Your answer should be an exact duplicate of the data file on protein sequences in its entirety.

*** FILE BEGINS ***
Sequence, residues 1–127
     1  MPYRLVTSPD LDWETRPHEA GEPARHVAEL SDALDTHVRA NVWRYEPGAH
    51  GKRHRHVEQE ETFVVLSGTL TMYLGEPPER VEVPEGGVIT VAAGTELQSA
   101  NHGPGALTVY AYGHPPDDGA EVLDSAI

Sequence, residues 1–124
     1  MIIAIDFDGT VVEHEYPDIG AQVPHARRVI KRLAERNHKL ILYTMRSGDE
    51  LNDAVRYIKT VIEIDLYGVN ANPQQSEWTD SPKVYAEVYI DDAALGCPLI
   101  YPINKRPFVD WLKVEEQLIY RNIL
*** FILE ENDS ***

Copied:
Sequence, residues 1–127
     1  MPYRLVTSPD LDWETRPHEA GEPARHVAEL SDALDTHVRA NVWRYEPGAH
    51  GKRHRHVEQE ETFVVLSGTL TMYLGEPPER VEVPEGGVIT VAAGTELQSA
   101  NHGPGALTVY AYGHPPDDGA EVLDSAI

Sequence, residues 1–124
     1  MIIAIDFDGT VVEHEYPDIG AQVPHARRVI KRLAERNHKL ILYTMRSGDE
    51  LNDAVRYIKT VIEIDLYGVN ANPQQSEWTD SPKVYAEVYI DDAALGCPLI
   101  YPINKRPFVD WLKVEEQLIY RNIL